New World screwworms are fly larvae that can infest livestock and other warm-blooded animals, including people. Most often entering an animal through an open wound, they feed on the animal’s living flesh. If not treated, infestations can be fatal. By early October, more than 100 Key deer had either been killed by New World screwworms or had to be euthanized. A crisis had erupted for this imperiled population of Key deer and it became an “all-hands-on-deck” undertaking at the Florida Keys National Wildlife Refuges Complex.

On October 3, 2016, a unified Incident Command Post was established to address the eradication of New World screwworms, protect human health, Florida’s livestock industry, and other animals. Personnel from multiple regions and programs (Refuges, Ecological Services, Fire, and Law Enforcement) were down to south Florida to work with USDA, Florida Department of Agriculture and Consumer Services, and other partnering agencies under this unified command. More than 125 interagency responders answered the call to unite and address the emerging New World screwworm infestation in south Florida. By mid-October, the Service had established an Incident Management Team, located at the Refuge Complex Administrative Headquarters on Big Pine Key, to focus efforts on prevention of extinction and recovery of the Key deer.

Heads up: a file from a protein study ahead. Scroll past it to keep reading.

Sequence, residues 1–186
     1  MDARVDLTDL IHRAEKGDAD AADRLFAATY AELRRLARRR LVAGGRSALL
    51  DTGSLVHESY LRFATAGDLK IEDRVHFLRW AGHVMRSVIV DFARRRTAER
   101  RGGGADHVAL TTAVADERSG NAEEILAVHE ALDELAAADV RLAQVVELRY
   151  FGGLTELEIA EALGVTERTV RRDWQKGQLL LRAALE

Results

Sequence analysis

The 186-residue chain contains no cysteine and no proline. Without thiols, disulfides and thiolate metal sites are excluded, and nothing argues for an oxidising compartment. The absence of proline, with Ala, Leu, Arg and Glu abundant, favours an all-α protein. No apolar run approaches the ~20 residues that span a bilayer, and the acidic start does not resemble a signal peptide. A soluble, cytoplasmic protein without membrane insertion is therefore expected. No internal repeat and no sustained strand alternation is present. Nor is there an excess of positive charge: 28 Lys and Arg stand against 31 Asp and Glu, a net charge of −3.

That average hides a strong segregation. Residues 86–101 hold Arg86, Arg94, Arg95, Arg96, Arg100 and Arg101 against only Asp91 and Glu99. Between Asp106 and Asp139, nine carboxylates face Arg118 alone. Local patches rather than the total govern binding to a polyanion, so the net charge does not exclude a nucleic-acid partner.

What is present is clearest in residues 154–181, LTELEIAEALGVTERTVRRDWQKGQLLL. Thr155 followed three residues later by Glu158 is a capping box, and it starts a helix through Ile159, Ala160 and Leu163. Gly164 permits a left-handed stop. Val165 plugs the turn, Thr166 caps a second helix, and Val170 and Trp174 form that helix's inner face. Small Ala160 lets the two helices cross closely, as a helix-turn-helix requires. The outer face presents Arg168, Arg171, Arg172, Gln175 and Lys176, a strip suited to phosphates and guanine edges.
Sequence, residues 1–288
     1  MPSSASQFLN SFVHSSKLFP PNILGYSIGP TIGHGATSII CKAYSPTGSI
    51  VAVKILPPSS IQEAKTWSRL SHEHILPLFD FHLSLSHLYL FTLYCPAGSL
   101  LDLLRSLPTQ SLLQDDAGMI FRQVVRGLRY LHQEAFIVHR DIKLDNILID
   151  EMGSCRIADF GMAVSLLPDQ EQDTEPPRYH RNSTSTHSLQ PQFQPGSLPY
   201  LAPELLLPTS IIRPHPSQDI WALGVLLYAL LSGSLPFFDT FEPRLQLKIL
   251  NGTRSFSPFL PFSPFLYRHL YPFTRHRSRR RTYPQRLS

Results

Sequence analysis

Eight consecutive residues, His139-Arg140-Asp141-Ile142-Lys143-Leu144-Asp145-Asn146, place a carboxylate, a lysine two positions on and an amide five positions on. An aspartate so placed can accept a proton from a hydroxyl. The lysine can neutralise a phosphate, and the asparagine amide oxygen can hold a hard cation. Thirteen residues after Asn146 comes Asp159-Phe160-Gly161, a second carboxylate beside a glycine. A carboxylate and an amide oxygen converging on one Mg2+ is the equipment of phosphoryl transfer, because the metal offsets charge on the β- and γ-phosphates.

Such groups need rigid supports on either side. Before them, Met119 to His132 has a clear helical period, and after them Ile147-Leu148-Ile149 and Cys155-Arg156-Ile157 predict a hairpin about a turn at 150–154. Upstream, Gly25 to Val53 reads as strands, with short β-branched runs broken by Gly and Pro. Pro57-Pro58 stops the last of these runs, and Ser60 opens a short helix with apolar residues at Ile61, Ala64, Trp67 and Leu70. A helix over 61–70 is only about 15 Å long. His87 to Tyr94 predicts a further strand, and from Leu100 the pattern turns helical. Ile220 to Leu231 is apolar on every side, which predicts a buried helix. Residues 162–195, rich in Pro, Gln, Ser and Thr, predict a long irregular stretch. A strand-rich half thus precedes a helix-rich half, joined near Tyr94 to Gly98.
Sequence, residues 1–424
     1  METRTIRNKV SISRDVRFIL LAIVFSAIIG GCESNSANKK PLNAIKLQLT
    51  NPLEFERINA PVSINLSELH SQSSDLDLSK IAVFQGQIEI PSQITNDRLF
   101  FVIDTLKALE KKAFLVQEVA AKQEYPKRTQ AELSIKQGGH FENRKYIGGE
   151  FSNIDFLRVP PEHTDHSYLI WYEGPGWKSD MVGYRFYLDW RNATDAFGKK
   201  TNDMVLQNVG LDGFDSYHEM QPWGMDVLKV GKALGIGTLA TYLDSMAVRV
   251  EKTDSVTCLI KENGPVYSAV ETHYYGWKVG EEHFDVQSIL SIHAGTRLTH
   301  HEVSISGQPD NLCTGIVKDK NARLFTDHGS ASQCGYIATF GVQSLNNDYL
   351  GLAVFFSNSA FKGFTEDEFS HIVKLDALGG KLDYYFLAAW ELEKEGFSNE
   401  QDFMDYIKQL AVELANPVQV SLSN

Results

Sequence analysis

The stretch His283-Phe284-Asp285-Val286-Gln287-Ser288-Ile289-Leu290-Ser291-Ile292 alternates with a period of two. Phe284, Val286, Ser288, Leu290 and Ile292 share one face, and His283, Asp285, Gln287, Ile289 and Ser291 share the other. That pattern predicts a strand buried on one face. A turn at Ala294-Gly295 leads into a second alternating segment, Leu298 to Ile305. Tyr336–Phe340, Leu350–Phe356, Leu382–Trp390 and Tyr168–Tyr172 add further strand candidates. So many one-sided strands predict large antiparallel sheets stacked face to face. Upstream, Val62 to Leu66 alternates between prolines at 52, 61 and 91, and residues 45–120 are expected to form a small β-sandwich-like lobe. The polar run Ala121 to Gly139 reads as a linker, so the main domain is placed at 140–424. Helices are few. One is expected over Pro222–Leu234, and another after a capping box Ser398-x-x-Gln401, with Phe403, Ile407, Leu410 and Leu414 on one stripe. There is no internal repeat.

A small deer with velvet covered antlers in a singed forest covered in carbon soot.
A Key Deer in an area burned the previous day in a prescribed fire at National Key Deer Refuge. Photo by Josh O’Connor, USFWS.